House of Flamenka

Created by Arlene Philips and Karen Ruimy, choreographed by James Cousins and Francisco Hidalgo
Karen Ruimy
Peacock Theatre

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Karen Ruimy (centre) and the company Credit: Pamela Raith
House of Flamenka - the company Credit: Pamela Raith
House of Flamenka - the company Credit: Pamela Raith
Francisco Hidalgo and Karen Ruimy Credit: Pamela Raith
House of Flamenka - the company Credit: Pamela Raith

The programme for this fusion of dance styles offers a scenario of “a goddess of music and dance” (Karen Ruimy) who collects beautiful objects and musicians and dancers to perform for her pleasure who has all this ripped away by the gods for defying their laws.

It is true that Jasmine Swan’s opulent set, which looks like a rococo brothel, is stripped away, reduced first to picture frames then to bare scaffold platforms but this isn’t about narrative; it's about spectacle for the dancers stay with their goddess, a sort of male harem who continue their dancing while she sometimes joins them in a succession of glamorous costumes to sing a song or perform a few steps.

These’s a phalanx of flamenco dancers, foot stamping Spaniards, and a contingent of contemporary dancers from Britain but their skills overlap as James Cousins’s contemporary choreography melds into Francisco Hidalgo's more severe Flamenco: this is risqué theatre, this is show business not classic traditional dance, though it is driven by pulsing rhythms and zapateado.

An opening that parades exotic headdresses, gold brocades and variations on matador outfits and flaunts a lot of bare flesh leads into a sequence of variations that feature hats including a sensual tango in which it becomes clear that these men are more interested in each other than their mistress.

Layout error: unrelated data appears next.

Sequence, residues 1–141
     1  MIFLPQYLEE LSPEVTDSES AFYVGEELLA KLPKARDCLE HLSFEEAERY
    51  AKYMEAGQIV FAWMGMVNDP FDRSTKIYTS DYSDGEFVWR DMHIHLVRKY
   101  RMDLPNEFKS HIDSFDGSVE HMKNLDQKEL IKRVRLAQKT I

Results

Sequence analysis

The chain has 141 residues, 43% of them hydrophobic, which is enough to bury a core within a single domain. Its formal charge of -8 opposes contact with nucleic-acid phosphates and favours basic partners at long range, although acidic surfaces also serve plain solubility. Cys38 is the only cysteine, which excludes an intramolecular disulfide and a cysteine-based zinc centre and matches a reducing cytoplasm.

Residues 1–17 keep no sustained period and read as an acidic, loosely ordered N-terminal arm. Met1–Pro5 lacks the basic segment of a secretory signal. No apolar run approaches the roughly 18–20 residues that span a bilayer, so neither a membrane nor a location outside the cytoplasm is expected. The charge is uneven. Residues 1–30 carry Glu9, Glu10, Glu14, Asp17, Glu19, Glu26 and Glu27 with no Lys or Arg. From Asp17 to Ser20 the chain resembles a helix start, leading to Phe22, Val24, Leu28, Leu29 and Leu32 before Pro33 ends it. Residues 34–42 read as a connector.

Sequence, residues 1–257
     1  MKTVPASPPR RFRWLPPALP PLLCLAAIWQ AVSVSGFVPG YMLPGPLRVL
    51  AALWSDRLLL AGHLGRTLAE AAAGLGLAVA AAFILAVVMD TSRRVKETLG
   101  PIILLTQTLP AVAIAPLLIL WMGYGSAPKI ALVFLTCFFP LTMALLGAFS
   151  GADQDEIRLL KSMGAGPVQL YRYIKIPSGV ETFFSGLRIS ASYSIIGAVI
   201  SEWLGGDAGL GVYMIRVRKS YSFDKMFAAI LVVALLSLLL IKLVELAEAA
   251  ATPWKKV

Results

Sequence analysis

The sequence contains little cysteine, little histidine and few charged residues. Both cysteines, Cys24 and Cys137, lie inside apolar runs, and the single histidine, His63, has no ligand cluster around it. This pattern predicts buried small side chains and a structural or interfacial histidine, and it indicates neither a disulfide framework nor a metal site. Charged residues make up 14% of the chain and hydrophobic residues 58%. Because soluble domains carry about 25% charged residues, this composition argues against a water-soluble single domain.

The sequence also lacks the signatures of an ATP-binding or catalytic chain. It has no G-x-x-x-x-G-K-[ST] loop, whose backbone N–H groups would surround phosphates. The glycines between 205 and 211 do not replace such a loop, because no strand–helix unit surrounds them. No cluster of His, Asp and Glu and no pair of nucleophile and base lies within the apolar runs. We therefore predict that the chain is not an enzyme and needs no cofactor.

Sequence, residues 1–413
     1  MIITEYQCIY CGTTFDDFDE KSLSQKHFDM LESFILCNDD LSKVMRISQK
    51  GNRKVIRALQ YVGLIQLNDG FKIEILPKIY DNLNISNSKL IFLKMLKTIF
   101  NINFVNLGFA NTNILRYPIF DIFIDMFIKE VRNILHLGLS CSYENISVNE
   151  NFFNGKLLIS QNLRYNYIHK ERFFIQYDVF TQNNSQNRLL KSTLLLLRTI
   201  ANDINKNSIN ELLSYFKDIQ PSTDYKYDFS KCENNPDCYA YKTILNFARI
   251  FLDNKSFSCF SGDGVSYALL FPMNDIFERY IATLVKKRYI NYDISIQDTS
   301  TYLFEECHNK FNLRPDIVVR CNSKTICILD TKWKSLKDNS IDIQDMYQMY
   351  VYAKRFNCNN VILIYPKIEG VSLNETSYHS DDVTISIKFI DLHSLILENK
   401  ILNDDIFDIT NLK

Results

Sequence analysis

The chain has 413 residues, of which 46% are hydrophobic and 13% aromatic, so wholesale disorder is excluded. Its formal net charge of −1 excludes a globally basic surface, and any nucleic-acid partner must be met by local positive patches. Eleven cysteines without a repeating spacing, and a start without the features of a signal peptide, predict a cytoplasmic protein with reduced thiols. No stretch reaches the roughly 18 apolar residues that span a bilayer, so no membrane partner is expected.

Next they take up fans then, in pink hats with frills on limbs and waving feather dusters, they dance their way through household chores before one dancer demonstrates some spectacular control of a trailing flamenco skirt that introduces a succession of dances in pastel tulle skirts.

The second half of the evening includes a section when chairs become a prop for the whole company. The excellent percussionists Calie Hough and Lauren Kosty come down from their high platforms to beat out the rhythm as the company move from stamping feet to castanets and a flinger-clicking number with a comic touch.

There is an occasional element of faux-violence with a body being dragged off at one point but House of Flamenka is largely a celebratory explosion of energy that keeps up a relentless pace that places great demands on its performers. The rhythms do build up an ongoing excitement and the dancers make the would-be risqué sexuality seem tongue-in-cheek, feel-good, romantic and smiling rather than titillatory. These are seriously good dancers who deliver with skill, enthusiasm and energy.

Reviewer: Howard Loxton